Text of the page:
The statistical section requires great attention.15 Part of the educational value of manuscript preparation resides in having the writer learn about the underpinnings of statistical calculations. Study design considerations here include issues related to superiority versus noninferiority, techniques for data analysis such as propensity scoring and bootstrapping, statistical power to detect differences between groups in the study, and sample size calculations. Input from a statistician is essential in this section. The statistician should typically be a coauthor.
The construction of the Results section requires considerable thought. Depending on the study, some results may best be displayed in tabular or graphic form. For example, baseline demographics of patient groups are best placed in a table. The text can then be used to highlight crucial patient characteristics or differences between the groups rather than to completely reduplicate material in the table. The number of tables and figures will vary, depending on the subject, the journal, and the audience.
Gopen and Swan16 have written extensively on writing with the “reader in mind.” The Table illustrates their point that there are several ways to present the same data. For data such as these, tabular form is obviously much more understandable. They have also explored such technical writing issues as subject/verb separation, sentence structure, topic position, and logical gaps.
The Results section should be written to stand on its own merits. After the population has been detailed, the primary end point is the focus of attention. Use of graphic material can be of great value in highlighting specific points, but duplication of information in text and illustrations should be avoided. After the primary end point, the secondary end points are then detailed and documented. Some authors make the mistake of repeating or including information that should have been in the statistical portion of the Materials and Methods; this should also be avoided. It must be kept in mind, as Gopen and Swan16 write, that “we do not start with the strawberry shortcake and work our way up to the broccoli.” Thus, some of the very important or potentially controversial secondary end points should be placed at the end of the Results section to continue to stir and keep reader interest.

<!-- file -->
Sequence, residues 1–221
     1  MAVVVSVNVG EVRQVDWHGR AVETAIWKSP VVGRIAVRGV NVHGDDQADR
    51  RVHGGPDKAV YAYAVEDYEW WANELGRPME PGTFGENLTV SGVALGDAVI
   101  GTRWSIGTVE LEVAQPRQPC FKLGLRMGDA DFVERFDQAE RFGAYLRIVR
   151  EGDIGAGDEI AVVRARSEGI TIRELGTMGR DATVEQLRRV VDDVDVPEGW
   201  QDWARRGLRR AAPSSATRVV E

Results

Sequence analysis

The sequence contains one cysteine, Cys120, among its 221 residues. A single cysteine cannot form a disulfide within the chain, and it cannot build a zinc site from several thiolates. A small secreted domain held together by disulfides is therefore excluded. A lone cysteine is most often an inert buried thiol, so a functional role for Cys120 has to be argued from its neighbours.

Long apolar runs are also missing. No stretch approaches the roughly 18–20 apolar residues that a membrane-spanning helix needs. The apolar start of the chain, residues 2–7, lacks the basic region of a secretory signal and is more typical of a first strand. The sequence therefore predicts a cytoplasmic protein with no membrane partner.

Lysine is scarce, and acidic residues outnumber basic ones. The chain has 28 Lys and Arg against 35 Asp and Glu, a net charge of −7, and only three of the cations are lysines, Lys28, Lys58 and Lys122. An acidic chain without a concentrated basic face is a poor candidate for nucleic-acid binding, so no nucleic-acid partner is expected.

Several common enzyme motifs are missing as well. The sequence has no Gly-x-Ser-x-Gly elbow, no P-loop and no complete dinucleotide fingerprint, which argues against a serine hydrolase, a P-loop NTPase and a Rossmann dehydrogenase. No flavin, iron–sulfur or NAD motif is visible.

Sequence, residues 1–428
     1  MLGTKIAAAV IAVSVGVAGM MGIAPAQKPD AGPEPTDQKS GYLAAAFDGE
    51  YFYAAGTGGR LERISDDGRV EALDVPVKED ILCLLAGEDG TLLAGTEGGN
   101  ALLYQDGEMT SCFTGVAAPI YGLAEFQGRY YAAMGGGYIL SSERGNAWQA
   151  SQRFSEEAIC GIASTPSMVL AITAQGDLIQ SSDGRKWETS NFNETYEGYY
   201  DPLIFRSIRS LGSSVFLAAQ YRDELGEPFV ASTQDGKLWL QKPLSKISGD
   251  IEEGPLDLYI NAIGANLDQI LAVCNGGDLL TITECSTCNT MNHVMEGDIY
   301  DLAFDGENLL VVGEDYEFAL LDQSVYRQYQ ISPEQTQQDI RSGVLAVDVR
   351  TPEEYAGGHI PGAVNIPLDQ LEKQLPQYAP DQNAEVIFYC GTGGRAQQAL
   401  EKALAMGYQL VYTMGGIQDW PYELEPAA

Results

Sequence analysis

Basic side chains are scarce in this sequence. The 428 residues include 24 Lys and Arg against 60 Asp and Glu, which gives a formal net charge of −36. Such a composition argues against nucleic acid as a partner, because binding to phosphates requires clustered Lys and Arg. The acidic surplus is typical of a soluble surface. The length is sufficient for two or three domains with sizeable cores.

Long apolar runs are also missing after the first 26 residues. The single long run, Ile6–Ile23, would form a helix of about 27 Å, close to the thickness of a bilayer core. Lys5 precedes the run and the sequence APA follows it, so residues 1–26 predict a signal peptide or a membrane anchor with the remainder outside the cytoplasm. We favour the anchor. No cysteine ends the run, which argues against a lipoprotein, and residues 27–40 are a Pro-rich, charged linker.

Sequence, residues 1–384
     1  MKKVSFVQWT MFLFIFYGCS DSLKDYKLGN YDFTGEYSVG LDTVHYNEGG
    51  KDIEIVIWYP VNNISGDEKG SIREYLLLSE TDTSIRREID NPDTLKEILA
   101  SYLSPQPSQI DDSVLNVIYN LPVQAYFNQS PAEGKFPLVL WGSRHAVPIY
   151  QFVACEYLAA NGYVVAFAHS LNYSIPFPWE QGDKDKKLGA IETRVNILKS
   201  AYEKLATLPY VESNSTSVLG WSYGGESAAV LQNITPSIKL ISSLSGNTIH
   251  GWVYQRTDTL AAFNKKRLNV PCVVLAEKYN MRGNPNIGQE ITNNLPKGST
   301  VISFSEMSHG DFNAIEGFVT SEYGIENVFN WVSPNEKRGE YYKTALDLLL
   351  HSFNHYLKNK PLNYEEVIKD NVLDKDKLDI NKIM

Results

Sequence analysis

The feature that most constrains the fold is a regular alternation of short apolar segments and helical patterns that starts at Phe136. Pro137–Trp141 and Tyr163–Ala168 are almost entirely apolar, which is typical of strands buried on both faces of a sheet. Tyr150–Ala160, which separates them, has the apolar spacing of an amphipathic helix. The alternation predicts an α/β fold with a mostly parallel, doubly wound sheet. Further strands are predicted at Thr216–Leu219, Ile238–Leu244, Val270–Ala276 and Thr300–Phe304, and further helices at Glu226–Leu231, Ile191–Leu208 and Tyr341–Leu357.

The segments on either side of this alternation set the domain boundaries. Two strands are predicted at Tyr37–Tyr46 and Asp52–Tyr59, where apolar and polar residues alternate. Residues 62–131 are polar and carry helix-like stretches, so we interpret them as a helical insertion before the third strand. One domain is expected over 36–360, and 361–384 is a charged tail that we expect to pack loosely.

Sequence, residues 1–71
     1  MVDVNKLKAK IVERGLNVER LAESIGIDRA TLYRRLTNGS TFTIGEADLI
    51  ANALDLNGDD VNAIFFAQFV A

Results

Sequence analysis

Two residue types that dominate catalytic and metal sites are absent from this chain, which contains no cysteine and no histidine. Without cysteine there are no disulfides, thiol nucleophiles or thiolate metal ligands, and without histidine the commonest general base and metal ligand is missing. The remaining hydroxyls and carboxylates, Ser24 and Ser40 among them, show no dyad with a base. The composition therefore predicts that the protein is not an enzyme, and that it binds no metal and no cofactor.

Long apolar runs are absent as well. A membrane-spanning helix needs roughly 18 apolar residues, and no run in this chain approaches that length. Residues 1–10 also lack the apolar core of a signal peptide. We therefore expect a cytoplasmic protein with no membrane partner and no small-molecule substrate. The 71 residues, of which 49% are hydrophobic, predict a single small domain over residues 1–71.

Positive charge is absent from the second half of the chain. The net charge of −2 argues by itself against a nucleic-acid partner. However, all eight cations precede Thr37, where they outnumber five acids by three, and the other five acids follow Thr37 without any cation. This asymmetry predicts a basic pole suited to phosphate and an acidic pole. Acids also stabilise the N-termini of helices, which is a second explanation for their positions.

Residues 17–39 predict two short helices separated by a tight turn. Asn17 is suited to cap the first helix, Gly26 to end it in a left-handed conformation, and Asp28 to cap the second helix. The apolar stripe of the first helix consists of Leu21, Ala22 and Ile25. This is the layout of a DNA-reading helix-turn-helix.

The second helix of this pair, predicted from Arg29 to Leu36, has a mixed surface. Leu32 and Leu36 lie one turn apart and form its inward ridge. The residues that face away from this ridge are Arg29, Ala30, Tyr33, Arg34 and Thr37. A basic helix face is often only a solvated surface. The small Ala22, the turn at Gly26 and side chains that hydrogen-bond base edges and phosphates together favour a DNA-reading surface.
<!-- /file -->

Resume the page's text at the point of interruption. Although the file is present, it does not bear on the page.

Graphics are an important part of any manuscript. The number and kind of illustrations vary. Some information is more readily assimilated in tabular form (the Table). Tables should include only relevant material; extraneous data that do not affect the manuscript should not be included. The information presented in graphic or tabular form should not merely repeat what is in the text but should complement and highlight it. Kaplan–Meier statistics are much better presented as graphs.
The reader must be kept in mind when constructing legends. All pathological/histological material should be labeled explicitly, which often requires a more detailed legend than usual. Definitions of any acronyms and abbreviations should be included in the legend for a table or figure.
It is important to remember in this age of electronic manuscripts that color printers are not universally available. Accordingly, the lines on graphs should allow the reader to understand the data in black and white using, for example, dots and crosses or dashed lines (Figure 1).
The scale used in graphs is also important to highlight differences in populations; the vertical scale should be adjusted accordingly. Alternatively, this can be accomplished with an inset in a graph to point out differences in population outcomes (Figure 2).
Pathological or histological figures often require color. Given the cost of printing color in most journals, which is usually the responsibility of the author, great care should be taken to optimize the number of examples.
There is significant literature on the components of an optimal Discussion section, including what should be avoided. The list is extensive. Jenicek17 and others18,19 have identified multiple issues. Key components include the following.
A recitation of the major findings of the study. This should appear in the first paragraph of the Discussion and is often in a point format (eg, the major findings of this study are A…, B…, C…). It is neither necessary nor advisable to include statements such as “This is the first report of X.”